Tiffany is a Vietnamese-American architect and urban designer who is passionate about building community through equitable design and public policy. Inspired by her undergraduate research on neighborhood redevelopment, she believes that successfully planned neighborhoods can truly alter the trajectory of people’s lives. After her architecture and Italian studies in the far reaches of northern Indiana and a year of urban studies in Italy, Tiffany spent four years in the Los Angeles region working with municipalities and nonprofits to provide over 300 affordable housing units for artists and seniors; renovating community buildings, such as a daycare for homeless children; and informing public policy, such as a walkability study that analyzed accessibility to healthy foods. Her proudest accomplishment thus far is seeing a 67-page civic center master plan she wrote become adopted as a city ordinance. Upon graduation from the Woo, Tiffany aims to work at the nexus of urban design, planning and policy to build vibrant communities. Tiffany holds a Bachelor of Architecture degree with honors from the University of Notre Dame where she was the inaugural recipient of the Jane Jacobs Award for commitment to community building. She splits time between Princeton and Brooklyn where she enjoys biking across the bridges, speaking Italian, and sharing 500 square feet with a tico, a pit bull, and a never-ending number of foster dogs.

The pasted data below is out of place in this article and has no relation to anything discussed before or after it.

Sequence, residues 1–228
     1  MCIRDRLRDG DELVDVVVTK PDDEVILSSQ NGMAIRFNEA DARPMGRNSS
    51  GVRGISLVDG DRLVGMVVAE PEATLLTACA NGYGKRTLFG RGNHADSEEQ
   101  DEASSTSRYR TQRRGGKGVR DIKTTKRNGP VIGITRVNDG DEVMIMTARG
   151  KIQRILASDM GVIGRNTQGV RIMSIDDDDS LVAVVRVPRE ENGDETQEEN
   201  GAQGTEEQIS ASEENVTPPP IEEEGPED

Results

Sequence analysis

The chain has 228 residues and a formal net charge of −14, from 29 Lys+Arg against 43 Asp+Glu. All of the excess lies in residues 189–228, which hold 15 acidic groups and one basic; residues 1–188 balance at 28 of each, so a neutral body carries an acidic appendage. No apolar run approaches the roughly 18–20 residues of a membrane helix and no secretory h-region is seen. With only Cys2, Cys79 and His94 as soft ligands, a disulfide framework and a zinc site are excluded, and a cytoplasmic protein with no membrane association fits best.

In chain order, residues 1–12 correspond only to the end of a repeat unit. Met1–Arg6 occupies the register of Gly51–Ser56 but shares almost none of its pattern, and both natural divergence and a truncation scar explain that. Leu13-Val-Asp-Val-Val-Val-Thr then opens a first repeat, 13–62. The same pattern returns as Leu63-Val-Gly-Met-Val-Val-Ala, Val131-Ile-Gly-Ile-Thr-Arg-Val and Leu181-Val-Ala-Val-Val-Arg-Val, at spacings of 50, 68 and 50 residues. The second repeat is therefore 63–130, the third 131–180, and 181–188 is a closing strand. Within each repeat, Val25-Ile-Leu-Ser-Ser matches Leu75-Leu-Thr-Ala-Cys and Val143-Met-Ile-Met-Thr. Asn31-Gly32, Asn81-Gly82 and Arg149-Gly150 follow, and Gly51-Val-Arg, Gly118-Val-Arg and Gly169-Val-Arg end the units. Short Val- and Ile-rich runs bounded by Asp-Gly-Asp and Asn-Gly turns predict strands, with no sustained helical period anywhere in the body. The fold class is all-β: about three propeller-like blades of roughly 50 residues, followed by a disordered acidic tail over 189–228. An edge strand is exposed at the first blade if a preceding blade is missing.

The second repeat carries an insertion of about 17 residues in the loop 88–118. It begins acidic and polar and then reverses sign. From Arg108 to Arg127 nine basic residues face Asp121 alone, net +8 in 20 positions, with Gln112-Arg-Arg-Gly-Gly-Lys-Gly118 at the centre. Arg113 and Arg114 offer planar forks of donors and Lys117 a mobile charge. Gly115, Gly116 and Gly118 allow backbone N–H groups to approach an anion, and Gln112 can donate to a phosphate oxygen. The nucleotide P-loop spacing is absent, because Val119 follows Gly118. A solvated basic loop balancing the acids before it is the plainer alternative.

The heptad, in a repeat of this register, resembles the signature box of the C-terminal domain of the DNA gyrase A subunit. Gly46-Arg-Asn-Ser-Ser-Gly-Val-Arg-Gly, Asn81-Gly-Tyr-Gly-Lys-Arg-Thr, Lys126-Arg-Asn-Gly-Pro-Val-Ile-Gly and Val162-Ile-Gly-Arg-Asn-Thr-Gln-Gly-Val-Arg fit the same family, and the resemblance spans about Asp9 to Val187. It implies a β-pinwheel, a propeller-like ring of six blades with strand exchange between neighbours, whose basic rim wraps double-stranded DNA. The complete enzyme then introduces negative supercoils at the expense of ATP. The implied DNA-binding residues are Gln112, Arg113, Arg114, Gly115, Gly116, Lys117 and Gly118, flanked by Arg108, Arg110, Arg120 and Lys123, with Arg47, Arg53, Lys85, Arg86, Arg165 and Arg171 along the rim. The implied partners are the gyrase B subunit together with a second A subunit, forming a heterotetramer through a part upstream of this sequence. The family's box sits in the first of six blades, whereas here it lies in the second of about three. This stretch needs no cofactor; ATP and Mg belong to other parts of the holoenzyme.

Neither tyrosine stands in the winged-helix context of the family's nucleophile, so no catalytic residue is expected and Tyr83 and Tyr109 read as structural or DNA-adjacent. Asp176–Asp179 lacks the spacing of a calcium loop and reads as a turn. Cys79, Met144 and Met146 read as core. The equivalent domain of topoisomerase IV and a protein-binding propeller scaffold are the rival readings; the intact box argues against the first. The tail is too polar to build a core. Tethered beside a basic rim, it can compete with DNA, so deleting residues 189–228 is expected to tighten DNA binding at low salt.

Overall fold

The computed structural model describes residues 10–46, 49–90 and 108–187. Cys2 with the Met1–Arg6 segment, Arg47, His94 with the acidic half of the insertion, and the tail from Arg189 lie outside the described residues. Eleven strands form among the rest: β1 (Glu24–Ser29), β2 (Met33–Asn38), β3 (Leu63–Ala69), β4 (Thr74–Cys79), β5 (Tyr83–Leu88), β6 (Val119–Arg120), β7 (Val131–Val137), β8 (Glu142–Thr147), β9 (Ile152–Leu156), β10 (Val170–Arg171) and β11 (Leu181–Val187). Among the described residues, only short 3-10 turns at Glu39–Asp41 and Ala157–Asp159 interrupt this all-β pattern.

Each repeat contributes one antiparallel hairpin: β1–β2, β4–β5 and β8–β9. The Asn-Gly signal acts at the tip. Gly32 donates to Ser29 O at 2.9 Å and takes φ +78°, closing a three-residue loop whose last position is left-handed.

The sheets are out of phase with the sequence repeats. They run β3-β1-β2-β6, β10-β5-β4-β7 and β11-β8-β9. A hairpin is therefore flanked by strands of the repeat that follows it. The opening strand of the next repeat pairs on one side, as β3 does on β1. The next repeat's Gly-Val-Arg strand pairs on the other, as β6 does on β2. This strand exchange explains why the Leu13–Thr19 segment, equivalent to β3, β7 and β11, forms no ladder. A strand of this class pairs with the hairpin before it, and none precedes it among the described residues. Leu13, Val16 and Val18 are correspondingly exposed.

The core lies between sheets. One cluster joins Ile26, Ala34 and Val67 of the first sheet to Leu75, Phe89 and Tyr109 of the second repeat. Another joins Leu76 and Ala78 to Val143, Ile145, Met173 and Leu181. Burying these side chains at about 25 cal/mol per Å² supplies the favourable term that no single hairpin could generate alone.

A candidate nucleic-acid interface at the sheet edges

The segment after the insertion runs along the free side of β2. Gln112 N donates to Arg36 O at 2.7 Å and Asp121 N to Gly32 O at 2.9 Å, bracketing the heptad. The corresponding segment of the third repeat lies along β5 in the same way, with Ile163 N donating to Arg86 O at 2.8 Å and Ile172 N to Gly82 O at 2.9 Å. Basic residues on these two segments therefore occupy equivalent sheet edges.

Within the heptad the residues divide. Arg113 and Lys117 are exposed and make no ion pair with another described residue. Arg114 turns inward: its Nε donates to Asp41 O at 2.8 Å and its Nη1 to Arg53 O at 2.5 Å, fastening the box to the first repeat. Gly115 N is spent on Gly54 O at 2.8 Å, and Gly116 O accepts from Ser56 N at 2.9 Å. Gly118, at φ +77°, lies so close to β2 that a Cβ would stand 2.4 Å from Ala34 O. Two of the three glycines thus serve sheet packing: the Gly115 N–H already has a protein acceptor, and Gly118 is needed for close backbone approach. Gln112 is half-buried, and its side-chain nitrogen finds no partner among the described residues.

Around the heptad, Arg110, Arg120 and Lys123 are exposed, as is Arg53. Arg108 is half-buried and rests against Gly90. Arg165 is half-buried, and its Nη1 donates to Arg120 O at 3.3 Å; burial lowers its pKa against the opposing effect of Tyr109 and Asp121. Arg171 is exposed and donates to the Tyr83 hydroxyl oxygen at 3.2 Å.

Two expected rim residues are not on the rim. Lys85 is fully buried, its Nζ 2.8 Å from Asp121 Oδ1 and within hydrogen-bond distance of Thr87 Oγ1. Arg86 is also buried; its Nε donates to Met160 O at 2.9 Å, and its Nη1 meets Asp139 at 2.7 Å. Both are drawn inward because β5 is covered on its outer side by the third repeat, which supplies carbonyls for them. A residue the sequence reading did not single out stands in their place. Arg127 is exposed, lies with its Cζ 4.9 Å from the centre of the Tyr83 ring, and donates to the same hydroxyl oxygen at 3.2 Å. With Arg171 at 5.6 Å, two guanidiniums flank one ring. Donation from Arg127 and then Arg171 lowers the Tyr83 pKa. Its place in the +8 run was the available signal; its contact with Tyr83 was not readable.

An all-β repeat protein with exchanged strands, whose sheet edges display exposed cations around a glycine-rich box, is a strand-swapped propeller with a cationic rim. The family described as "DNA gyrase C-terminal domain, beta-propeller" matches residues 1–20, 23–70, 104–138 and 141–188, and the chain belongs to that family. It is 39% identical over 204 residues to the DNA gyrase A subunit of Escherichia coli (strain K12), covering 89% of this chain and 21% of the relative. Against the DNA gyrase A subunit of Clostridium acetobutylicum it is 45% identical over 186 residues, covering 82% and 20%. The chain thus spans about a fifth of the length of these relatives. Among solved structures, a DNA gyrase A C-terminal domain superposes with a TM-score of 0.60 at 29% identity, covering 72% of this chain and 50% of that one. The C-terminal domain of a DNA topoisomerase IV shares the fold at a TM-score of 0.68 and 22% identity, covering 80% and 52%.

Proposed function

Kalie Pierce
IV - Economics and Public Policy
Dartmouth College, 2011
Asian and Middle Eastern Studies/Government, B.A.
Seattle, Washington
At Dartmouth College, Kalie studied post-colonialism and conducted research on guerrilla governance in North Africa. After graduation, she worked as a government consultant in D.C. and volunteered as a fellow for the 2012 Obama campaign. Her volunteer experience inspired her to learn more about messaging and, a year later, she joined a public relations firm in New York. Kalie then returned to studying policy and spent two years with Innovations for Poverty Action in Uganda, evaluating the impact of cash transfer programs. This past summer, she completed her internship at the New York Federal Reserve. She intends to spend the rest of her time at Princeton delving deeper into economics and statistics and, after graduation, returning to research and policy analysis. Outside of work, Kalie enjoys cartoons, museums and noodles.